6698

How do I return the response/result from a function foo that makes an asynchronous request?

I am trying to return the value from the callback, as well as assigning the result to a local variable inside the function and returning that one, but none of those ways actually return the response — they all return undefined or whatever the initial value of the variable result is.

Example of an asynchronous function that accepts a callback (using jQuery's ajax function):

function foo() {
    var result;

    $.ajax({
        url: '...',
        success: function(response) {
            result = response;
            // return response; // <- I tried that one as well
        }
    });

    return result; // It always returns `undefined`
}

Example using Node.js:

function foo() {
    var result;

    fs.readFile("path/to/file", function(err, data) {
        result = data;
        // return data; // <- I tried that one as well
    });

    return result; // It always returns `undefined`
}

Example using the then block of a promise:

function foo() {
    var result;

    fetch(url).then(function(response) {
        result = response;
        // return response; // <- I tried that one as well
    });

    return result; // It always returns `undefined`
}
4
  • use deasync like this stackoverflow.com/a/47051880/2083877 Sep 8, 2021 at 11:26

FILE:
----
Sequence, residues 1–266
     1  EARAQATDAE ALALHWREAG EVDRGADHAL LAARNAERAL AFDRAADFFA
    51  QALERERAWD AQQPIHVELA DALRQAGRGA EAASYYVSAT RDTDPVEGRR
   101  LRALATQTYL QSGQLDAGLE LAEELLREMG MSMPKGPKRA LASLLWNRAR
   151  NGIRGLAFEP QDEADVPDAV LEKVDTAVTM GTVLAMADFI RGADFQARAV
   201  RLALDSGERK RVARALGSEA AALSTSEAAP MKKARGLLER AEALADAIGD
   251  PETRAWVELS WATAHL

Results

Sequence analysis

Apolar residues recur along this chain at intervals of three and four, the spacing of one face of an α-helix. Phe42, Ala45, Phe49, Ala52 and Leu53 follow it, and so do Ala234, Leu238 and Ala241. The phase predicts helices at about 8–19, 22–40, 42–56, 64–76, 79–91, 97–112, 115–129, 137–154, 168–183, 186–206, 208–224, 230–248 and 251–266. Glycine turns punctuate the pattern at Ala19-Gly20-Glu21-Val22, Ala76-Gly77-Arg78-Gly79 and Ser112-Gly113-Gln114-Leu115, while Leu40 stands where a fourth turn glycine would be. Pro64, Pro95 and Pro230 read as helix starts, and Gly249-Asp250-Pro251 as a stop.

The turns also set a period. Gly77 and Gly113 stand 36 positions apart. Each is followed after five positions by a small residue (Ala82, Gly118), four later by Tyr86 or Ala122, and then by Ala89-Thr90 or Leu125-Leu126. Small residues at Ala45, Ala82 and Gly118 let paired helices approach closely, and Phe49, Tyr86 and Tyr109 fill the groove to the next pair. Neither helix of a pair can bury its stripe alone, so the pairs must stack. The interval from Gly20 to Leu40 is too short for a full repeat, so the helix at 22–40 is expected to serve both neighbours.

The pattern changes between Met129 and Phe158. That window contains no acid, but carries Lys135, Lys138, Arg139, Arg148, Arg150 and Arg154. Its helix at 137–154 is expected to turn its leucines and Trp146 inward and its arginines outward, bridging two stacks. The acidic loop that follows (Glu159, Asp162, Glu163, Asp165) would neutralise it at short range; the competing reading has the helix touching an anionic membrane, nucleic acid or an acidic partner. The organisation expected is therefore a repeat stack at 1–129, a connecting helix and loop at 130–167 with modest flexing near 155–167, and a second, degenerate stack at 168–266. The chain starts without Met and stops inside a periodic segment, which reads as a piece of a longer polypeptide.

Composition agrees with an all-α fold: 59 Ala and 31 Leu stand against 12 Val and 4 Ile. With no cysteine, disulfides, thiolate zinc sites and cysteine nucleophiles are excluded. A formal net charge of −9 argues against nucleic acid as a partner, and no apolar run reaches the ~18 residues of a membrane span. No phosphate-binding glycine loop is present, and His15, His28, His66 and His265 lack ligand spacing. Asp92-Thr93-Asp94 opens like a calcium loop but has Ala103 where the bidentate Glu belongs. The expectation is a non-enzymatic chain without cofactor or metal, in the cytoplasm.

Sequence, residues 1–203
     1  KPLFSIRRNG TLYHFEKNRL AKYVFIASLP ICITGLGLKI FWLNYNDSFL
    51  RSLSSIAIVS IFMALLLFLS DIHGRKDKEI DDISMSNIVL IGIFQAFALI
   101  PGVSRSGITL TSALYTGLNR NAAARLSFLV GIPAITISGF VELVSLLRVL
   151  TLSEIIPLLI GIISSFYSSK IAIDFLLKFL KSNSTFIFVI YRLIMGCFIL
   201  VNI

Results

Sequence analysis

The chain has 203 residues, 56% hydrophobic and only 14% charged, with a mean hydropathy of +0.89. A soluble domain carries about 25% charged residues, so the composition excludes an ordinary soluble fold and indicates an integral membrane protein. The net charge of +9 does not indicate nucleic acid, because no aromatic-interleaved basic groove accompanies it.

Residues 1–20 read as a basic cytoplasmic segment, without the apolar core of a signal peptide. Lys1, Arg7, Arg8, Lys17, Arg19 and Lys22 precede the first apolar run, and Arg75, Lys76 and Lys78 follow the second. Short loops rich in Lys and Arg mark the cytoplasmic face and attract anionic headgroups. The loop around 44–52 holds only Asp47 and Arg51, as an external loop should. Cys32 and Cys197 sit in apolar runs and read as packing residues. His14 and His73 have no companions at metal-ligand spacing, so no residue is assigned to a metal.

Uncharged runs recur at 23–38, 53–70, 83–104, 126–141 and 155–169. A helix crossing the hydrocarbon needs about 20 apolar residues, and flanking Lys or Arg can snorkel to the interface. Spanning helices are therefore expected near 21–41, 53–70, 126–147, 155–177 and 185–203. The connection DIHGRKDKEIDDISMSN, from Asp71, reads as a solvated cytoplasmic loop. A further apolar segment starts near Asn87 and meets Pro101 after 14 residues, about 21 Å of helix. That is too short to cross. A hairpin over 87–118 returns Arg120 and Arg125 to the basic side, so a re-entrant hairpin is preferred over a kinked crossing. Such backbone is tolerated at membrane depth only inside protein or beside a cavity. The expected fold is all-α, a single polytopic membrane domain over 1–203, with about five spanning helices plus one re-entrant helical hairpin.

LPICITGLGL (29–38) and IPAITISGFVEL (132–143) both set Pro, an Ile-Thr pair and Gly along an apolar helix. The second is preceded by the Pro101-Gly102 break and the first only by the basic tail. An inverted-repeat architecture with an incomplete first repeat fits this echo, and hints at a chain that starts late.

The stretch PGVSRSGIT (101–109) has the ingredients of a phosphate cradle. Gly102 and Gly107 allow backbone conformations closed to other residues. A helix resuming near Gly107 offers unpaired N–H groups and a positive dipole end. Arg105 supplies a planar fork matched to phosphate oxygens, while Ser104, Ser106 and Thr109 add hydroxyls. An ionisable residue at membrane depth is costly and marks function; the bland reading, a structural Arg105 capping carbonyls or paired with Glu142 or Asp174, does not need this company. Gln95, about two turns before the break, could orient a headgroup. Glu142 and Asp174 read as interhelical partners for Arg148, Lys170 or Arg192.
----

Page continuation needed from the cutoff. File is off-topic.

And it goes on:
• 17
    @SunilKumar I don't think this is useful. OP made this question and self-answer to document how to get the response from async calls. Suggesting a 3rd party module defeats such purpose, and IMO the paradigm introduced by that module is not good practice.
    – Seblor
    Sep 10, 2021 at 9:14
  • 7
    @Liam: It's just an example for an asynchronous function that accepts a callback. Oct 15, 2021 at 14:13
  • Promises provide a cleaner and more structured way to deal with asynchronous operations. You can create promise that represents the result of the asynchronous call. The promise can be resolved with the response or rejected with an error. Jul 27, 2023 at 6:32

42 Answers 42

1
2
31

After reading all the responses here and with my experiences, I would like to resume the detail of callback, promise and async/await for the asynchronous programming in JavaScript.

1) Callback: The fundamental reason for a callback is to run code in response of an event (see the example below). We use callback in JavaScript every time.

const body = document.getElementsByTagName('body')[0];
function callback() {
  console.log('Hello');
}
body.addEventListener('click', callback);

But if you must use many nested callbacks in the example below, it will be fairy terrible for the code refactoring.

asyncCallOne(function callback1() {
  asyncCallTwo(function callback2() {
    asyncCallThree(function callback3() {
        ...
    })
  })
})